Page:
Yesterday I made one of the easiest hors d'oeuvres I've ever attempted, and was super pumped it turned out so good and so quickly!
Ever since I was 22 (as I stated in my History of Caviar post) and my sis and I hosted a
gothic beauty pageant / art show that was catered by her friend, I realized I actually liked olives. Olives, you see, were on the catered food platter and, after a glass of wine, tasted less pungent to me than they did on a raw, non-numbed palate. As with many things, the more you try something in all it's forms, the more apt you are to enjoy it. Thus, by the time I moved to NYC, I realized I outright lurved olive tapenade.
Two things about this dish: If you're pronouncing it tapanaid you're saying it wrong; it's actually pronounce tapanahd / tapan-odd as it hails from the south of France. Also, tapenade is sort of a translation for the dish which, rudimentarily, contains olives (duh), capers, olive oil, and anchovies... so when you're saying olive tapenade, you're sort of saying "olive olive mixture."
But who cares, really? When it is super simple to make and turns out so wonderfully, it doesn't matter what you're saying!
|Feeling fancy, looking befuddled|
If you ever had the chance to go to a little bar called Park Blue just off Central Park in NYC before it closed, you might have been lucky enough to try their amazing chocolate martinis, wines sold solely by the half bottle, and yes - olive tapenade, you would understand that, when I went down the aisle that sold cornichons (or gerkins, or 'baby pickles'), I was entranced by the can of chopped black olives on the shelf nearby.
I knew my mission, and I chose to accept it!
Of course I had no idea what actually went into making tapenade, so I hurried to the front of the store to get some reception on my cell, and googled the simplest recipe I could find. As my husband hates anchovies, and I am, myself, not a huge fan, I decided to ixnay the 'nchovie-ay (eh?) and just get the basics. Basically, it turned out awesome.
First, I chose 'chopped black olives', which to my surprise when I got home, were actually more minced than chopped - yay! I then snagged a can of capers, and was all set. Yep! Pretty simple.
The pre-minced olives meant I had even less work to do - yay!
And yes, I do prefer black olives to green, but choose whichever olives you'd like.
This was a small can of olives, but I didn't look at the exact size. Sorry!
Next up, I got about 3 tablespoons of capers, rinsed them, and prepared to chop!
I thought they'd be all roly poly on me,
but they were delightfully simple to chop thanks to their mushiness!
Then, in went 1 tablespoon of lemon juice. (I don't have real lemons, ok?)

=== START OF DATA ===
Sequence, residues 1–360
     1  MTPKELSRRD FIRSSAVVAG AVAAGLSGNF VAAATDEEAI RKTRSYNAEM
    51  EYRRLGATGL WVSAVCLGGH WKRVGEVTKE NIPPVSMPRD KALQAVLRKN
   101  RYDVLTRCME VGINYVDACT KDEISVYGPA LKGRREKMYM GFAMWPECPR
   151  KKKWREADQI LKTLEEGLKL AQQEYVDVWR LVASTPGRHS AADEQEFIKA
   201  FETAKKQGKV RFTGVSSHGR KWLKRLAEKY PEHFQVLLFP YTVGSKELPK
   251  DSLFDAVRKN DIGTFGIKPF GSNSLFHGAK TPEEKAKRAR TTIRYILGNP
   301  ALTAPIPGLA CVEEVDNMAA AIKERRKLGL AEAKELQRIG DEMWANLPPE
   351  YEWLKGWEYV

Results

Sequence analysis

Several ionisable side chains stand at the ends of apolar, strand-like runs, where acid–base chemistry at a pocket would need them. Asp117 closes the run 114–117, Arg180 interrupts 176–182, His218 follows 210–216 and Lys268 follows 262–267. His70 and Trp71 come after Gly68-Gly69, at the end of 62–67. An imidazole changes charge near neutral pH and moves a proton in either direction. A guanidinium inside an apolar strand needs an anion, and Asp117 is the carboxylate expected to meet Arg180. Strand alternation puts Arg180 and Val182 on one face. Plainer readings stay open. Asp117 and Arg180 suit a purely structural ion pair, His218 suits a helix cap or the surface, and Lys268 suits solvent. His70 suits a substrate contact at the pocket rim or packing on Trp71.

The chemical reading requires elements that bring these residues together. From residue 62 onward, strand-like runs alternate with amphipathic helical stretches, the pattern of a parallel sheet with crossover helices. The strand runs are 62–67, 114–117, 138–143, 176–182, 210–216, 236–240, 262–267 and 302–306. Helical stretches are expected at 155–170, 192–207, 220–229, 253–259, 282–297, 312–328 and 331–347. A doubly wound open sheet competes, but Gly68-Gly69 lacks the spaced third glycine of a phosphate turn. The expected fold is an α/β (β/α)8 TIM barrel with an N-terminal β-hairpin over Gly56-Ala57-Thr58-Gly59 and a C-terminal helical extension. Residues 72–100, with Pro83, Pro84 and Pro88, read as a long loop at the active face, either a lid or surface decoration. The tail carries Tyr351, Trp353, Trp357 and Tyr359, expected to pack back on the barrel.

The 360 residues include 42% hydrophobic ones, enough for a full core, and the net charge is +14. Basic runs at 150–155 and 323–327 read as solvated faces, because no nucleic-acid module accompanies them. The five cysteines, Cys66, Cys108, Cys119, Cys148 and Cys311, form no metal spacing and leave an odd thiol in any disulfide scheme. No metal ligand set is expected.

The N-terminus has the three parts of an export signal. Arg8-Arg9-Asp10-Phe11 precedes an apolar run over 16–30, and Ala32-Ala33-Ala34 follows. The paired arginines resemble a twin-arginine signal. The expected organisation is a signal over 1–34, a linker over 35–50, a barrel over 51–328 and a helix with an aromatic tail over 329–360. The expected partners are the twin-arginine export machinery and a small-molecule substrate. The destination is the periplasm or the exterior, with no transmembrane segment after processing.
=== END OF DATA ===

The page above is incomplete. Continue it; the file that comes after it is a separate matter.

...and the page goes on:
And 2 tablespoons of olive oil.
Another recipe called for a clove of garlic. A while back we had a bag of
garlic cloves in the fridge - but as I soon found out, it was gone!
Instead, I added in a fair amount of garlic powder, which worked out fine, only to find later in the night, several heads of garlic were hiding behind the plastic wrap. Time to clean much?
Yet another recipe called for a teaspoon of whole grain mustard.
We are in love with this stuff - so heck yeah - in you go!
When all was said and done, this is what my mixture looked like.
And as I've said before, it tasted super awesome.
I was naughty and bought Breton "cabaret" 'crisp and buttery' crackers to pile the tapenade onto.I was super naughty and also bought foie gras to act as a creamy counterpoint to my tart tapenade.
End result? Fantastique!
And yes - my husband loved it!
Even Brigly got in on the cracker action! :)
This is how you show your love?
So much for my attempts at being a housewife.
(My friend Tabby had posted advice for housewives from the 1950's on her facebook this day so I thought I'd try and accomplish some of that 'wretched drivel', as my sister denounced it, by trying to make a tasty pre-dinner snack.)
As you can see: We are not tame enough to be so rigid in our lives! Hah!
- '20 chopped' or one small can (sorry, not sure the size) chopped black olives
- 3 tablespoons capers, mince
- 2 tablespoons olive oil
- 1 clove garlic (or substitute garlic powder)
- 1 teaspoon seeded mustard
Mix & Enjoy
(I do highly recommend the combo of tapenade and foie gras on crackers. Délicieux!)
Though I would next time maybe put it in a processor, as I'd love to have this consistency (and less juice):
|Olive olive mixture|
Create and Enjoy!